• Wrapping or bracing the injured limb to prevent further strain, especially when exercising
  • Using ice packs to bring down swelling as needed–often as much as ten minutes every hour, depending on how fresh the injury is
  • Complete physical therapy exercises as they’re prescribed

There’s no quick fix for an injury, nor can you magically get yourself back in shape to start training without that waiting period. When you take care of your body, however, you increase your odds of getting back in the game sooner–which is what you really want.

Eat right. You can’t go in to the gym, and even when you do get to go, your exercise routine is severely modified to account for your injuries. For many people, that translates to an excuse to let go of the usual training diet along with the routine. They couch out, binge on junk food, and feel sorry for themselves. Without good nutrition, however, your body can’t heal properly. Find ways to give it the fuel it needs to put your muscles and joints back together. You can have a pity chocolate bar or cupcake or two, but that doesn’t mean you should let your nutrition slide completely! Not only does it get you back to your regular training schedule sooner, good nutrition also ensures that when you do go back, you’ll be better prepared to give it your all. 

Take a hard look at your calorie goals while you’re injured, too. If you aren’t exercising to build muscle, your body may start eating muscle before it eats fat if you’re operating at a calorie deficit. Instead, consider shifting your goals to maintenance while you’re recovering. This will give your body the fuel it needs to heal and help maintain muscle even though you can’t train as hard as you’d like.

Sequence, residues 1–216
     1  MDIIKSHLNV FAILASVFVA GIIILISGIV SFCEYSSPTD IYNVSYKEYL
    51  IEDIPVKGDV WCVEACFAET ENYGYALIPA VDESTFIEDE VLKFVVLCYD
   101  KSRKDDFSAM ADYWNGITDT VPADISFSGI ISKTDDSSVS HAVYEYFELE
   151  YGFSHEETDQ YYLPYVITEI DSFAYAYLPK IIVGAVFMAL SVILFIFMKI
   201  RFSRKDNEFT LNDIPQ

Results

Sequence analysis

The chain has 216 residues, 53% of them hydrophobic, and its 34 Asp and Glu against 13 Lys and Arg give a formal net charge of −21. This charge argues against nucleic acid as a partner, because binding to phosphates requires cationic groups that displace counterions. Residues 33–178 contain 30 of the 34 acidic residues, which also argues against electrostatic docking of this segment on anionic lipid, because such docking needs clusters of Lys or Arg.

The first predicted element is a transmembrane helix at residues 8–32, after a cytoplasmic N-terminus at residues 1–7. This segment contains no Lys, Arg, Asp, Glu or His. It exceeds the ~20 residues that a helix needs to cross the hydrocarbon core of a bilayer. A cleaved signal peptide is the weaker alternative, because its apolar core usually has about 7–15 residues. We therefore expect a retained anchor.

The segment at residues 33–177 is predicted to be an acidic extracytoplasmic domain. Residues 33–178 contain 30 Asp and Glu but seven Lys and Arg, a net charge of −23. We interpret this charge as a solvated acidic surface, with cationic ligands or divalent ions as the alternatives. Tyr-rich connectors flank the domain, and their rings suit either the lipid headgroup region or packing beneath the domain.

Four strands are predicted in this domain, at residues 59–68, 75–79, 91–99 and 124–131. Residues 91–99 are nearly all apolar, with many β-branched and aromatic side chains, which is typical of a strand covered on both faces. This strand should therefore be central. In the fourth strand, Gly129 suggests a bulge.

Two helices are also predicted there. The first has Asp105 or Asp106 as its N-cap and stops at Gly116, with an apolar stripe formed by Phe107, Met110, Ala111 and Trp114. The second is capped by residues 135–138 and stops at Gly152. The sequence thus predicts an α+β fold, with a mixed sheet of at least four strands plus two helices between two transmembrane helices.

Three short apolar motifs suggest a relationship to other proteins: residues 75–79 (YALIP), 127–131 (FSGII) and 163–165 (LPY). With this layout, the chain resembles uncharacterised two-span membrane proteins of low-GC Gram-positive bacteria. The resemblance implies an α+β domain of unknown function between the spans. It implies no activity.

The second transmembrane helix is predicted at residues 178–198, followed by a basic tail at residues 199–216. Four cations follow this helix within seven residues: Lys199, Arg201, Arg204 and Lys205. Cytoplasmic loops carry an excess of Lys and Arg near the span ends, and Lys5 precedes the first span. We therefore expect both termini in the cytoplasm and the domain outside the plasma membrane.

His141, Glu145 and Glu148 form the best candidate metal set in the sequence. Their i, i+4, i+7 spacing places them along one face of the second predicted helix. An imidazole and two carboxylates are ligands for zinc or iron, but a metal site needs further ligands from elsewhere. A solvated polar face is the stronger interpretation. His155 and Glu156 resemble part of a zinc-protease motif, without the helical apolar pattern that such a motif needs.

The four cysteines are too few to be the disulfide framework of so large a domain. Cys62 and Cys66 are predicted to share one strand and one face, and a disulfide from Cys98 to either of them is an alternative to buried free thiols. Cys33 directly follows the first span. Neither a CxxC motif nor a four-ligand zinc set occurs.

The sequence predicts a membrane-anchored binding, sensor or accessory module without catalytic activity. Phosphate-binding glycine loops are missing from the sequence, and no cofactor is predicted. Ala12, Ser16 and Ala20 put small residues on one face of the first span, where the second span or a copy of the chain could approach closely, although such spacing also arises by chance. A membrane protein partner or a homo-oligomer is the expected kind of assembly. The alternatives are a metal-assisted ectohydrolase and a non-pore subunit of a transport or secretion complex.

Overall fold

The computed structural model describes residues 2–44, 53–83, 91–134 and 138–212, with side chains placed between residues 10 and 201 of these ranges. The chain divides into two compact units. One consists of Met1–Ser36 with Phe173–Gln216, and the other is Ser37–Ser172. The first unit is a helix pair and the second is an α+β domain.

Shift your movements. Consider the movement that caused the injury. Chances are, the injury will cause further pain when you repeat similar movements until the injury heals. In the meantime, try to find different ways to move so that you can train without causing pain. Think about working with a coach or trainer to determine whether or not poor form caused the injury in the first place and how you can adapt your movements now and in the future to avoid future injuries. Work through your full range of motion, especially in the injured limb, in order to determine whether or not you’ll be able to train in a particular way. 

Keep up your aerobic training. Take advantage of what movements you’re still able to complete in order to continue aerobic training. An upper body injury, in particular, is no excuse for ignoring your cardio training! Aerobic training can even help improve your recovery time and get you back to your regular training program sooner. 

Correct bad habits. Sure, you’re injured. That’s frustrating–but it doesn’t mean you have to give up! Instead, correct the bad habits that led to your injury in the first place. Do you work on flexibility on a regular basis? Do you warm up your muscles before diving into the intense stage of your workout? What about your balance and coordination? Use your time spent recovering to focus on the fundamentals, correct those bad habits, and ensure that your workouts will be more successful once your injury has healed.

Waiting for an injury to heal is tough. The last thing you want is to watch all of your hard-earned progress slip away while you’re unable to get to the gym. Taking proper care of your body, changing your workout to account for your injury, and correcting the habits that led to your injury can all help enhance your performance when your injury is healed and you’re ready to get back to your routine. If you need help finding the equipment you need to keep training during an injury, contact us! We’ll help you find everything you need.